Initiating this experience will allow practitioners to experience the benefits of increased circulation, muscle control and mental clarity. The connection of mind to body through these improvements should also release a sense of flowing energy, stimulating the muscles from a dormant lethargy whilst igniting the subconscious and conscious stamina.
Visually and in theory Pilates appears balletic in style, strong in the application of strength and flexibility, effortless in appearance and fundamentally functional in movement approach. A dancer, just like a Pilates practitioner, moves with elegant fluidity, guiding the body through a controlled journey that is precise and focused on intrinsic kinetics to design a movement formula of composed cadence.
As instructors we follow a standard set of advice, such as not flipping straight from supine to prone or vice versa, nor should we go from a seated to a standing exercise in a general mixed ability class. The reasoning behind this lies in our aim to conserve energy that can then be used during exercise performance rather than in the transitional process. This decreased allowance in rest period also gives us the opportunity to incorporate more exercises to create an increase in the total amount of exercise time. The intention here is for the exercises to intertwine in such a dynamic and logical manner that intensity and concentration is ultimately heightened, thereby increasing stamina. This then starts to look more like a choreographed sequence where the body flows naturally into the next fitting movement.
Romana Kryzanowska, a former dancer and student of Joseph Pilates, explained that to glide through the movements as intended is to move naturally, in the same controlled way that animals move. Our bodies should move with ease through patterns and rarely contorting in opposing directions. Just as a contemporary dancer weaves from position to position so must we finish the exercise or release stretch then look for the next natural transition, ultimately folding and opening the body into a biomechanically instinctive pattern rather than inconveniencing the body and practitioner.
This cannot be achieved without the instructor reiterating that robotic, staccato, forced or uncontrolled movements should be avoided and slow controlled movements emphasised. Minimal effort to transition is key with a balanced approach essential to avoid overuse and maintain an intensity that is efficiently controlled.
Dance follows the beat of the music, whereas in Pilates we can follow the sound of the breath, serving as a metronome for the simultaneous actions of mind and body movement to create a performance piece of fitness choreography.
Muscle control, co-ordination and synchronised movement (with the breath) is an art form that the body must be trained to achieve. A ballerina’s training relies on muscular control, effectively using the centrally initiated movement to flow in an exemplary way. In comparison, Pilates also trains the core and muscular control alongside natural joint actions that should then designate a natural movement sequence and safe effective practice. This can be hard to plan when first starting out as a Pilates instructor or practitioner and understanding ‘transition’ can take some time to get used to. That’s where the idea to dance the workout can be a beneficial analogy to follow.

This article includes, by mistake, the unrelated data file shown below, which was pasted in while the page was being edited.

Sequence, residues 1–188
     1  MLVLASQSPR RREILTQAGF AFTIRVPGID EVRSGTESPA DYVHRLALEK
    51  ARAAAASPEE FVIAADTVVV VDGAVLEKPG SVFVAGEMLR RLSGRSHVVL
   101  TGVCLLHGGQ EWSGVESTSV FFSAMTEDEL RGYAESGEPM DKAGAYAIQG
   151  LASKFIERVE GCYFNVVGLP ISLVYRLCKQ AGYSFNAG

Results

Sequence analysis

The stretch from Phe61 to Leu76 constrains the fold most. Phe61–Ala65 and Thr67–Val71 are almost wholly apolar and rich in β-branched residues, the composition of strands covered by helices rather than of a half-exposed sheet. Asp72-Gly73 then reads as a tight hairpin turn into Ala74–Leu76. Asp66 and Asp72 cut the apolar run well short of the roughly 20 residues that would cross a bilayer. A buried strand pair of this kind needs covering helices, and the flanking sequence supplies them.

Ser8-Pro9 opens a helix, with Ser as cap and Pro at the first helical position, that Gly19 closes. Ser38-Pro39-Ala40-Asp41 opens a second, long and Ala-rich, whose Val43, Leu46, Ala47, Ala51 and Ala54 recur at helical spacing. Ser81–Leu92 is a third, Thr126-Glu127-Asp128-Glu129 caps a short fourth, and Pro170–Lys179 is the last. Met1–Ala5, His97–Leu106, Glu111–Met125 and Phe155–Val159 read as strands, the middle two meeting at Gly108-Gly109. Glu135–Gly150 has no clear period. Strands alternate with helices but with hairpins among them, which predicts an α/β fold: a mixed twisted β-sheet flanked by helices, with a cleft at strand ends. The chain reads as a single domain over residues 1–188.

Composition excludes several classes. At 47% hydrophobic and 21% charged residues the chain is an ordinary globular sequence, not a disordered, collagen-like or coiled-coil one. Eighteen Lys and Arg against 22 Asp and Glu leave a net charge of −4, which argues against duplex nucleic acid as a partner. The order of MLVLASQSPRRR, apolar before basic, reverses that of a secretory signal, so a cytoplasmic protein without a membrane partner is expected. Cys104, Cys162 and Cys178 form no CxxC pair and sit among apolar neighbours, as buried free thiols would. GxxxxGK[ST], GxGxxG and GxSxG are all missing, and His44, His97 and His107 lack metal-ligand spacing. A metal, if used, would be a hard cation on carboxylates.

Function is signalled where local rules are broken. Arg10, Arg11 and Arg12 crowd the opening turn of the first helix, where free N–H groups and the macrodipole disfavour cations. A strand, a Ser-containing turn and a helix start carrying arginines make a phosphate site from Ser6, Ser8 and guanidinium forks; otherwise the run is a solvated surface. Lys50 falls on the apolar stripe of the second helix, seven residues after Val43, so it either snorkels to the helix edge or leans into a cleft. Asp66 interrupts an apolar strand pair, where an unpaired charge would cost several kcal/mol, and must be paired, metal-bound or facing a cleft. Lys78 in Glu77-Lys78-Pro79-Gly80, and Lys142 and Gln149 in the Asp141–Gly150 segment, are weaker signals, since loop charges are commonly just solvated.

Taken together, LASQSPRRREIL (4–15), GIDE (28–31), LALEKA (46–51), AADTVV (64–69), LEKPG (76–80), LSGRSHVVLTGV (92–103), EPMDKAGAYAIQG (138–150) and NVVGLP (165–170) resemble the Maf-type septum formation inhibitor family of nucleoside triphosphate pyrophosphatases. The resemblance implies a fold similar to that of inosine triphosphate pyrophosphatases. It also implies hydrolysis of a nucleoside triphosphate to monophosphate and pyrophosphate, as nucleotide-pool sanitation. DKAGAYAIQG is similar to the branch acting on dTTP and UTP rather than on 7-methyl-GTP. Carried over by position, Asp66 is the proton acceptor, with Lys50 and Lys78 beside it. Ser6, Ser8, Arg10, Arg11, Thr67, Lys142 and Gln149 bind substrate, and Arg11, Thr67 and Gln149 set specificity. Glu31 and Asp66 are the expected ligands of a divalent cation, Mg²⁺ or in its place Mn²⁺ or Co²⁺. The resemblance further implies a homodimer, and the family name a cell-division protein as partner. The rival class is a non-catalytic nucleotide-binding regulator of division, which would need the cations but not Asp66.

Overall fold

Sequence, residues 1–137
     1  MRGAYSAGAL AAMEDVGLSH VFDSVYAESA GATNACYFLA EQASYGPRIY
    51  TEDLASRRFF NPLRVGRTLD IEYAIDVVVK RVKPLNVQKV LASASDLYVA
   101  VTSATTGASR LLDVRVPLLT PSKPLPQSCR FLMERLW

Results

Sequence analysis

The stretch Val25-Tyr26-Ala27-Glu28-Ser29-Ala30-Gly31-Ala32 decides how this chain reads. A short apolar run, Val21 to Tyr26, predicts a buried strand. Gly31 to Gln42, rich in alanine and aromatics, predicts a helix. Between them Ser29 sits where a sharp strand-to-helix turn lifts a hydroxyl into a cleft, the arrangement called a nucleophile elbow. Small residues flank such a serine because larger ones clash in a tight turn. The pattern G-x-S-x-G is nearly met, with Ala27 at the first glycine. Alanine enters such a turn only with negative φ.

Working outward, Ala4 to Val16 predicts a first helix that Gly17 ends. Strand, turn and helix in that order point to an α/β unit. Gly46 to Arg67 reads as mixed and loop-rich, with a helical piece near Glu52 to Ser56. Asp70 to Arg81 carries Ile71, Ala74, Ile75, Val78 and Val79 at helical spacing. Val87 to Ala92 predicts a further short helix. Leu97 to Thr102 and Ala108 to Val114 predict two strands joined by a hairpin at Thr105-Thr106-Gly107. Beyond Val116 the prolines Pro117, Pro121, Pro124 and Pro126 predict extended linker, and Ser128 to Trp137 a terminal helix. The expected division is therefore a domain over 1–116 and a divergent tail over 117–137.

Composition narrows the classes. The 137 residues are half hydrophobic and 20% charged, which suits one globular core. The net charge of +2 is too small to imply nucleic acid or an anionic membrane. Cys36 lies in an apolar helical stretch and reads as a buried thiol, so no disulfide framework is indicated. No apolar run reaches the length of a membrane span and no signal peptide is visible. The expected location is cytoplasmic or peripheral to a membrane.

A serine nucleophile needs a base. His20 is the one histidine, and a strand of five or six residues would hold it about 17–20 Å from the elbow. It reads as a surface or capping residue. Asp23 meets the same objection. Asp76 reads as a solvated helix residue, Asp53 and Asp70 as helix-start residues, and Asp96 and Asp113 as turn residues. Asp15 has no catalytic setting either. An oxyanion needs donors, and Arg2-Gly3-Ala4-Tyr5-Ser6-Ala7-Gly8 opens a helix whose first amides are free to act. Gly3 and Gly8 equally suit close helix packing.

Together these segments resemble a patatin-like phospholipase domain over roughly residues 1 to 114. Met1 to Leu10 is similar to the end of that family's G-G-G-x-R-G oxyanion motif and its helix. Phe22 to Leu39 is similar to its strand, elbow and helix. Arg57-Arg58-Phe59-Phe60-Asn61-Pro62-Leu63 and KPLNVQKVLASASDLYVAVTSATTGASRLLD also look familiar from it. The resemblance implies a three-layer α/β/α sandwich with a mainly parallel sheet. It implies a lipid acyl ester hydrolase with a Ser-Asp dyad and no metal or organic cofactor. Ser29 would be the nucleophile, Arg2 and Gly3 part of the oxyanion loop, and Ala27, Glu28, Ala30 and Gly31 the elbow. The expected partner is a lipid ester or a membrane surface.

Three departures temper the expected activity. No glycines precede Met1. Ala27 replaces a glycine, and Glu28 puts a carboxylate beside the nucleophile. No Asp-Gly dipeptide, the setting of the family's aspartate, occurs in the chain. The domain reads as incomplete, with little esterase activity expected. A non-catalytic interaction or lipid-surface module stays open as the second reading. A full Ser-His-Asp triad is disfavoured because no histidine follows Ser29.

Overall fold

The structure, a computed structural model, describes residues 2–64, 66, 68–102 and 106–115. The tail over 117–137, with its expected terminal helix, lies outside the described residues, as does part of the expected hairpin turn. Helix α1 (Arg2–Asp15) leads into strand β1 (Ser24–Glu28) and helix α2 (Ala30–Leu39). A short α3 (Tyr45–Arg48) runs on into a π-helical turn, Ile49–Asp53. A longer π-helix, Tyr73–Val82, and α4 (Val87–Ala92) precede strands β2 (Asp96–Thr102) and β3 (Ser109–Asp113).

Joseph Pilates and his wife Clara worked with dancers and choreographers in his New York studio and designed the movements to flow in a dance-like manner.
He described numerous times how Pilates was initially designed to promote suppleness, skill and grace that would be both functional and transferable to everyday life.
Ballet movements even mimic some Pilates exercises and objectives. For example, Round de Jambe is performed by making a semi-circular motion with the working foot on the floor in order to maximise turnout and increase the flexibility in the hips. This familiarity to One Leg Circle can be recognised as a theoretically transferable adaptation.
A Battement Tendu is also a ballet exercise in which the working leg opens and closes with the foot stretched along the floor. Relying heavily on core control, this helps to open the hips and strengthen the legs. These can be performed to the front, to the side or to the back and resembles Pilates exercises such as scissors, single leg stretch and swimming. The fusion and connection between these comparative arts, especially swimming, can help provide transitional accomplishments. In dance, Laban’s theory of counter-tension can also be adopted by creating an energetic tension and connection through the body, reinforcing strength and lengthening. Paired with a steady flow and fluid composition, a movement rotisserie can keep the flow intensely challenging.
The application of principles from these ballet exercises to Pilates would therefore not be unfounded and should be performed with the same poetically refined movement and natural mammalian flow.
Sequencing style might include a transition from one exercise to another after completing all of the repetition range. In comparison, a shorter repetition range moving from one to another in a more dance style flow could be adopted, completing all exercises as one set and then repeating the flowing set in repetition.
Emphasis should be placed on the concentric and eccentric phases. Thread the exercises together so that the body remains in constant motion with the muscles constantly utilised even during transition. These transitions and release stretches become movements themselves, dancing with a transcendent and effortless prowess. Turn on the music, glide from one exercise to the other, imagining a ballet recital with all its fluidity whilst maintaining an elegant illusion of ease, even under intense muscular duress.
Written by Katie Farnden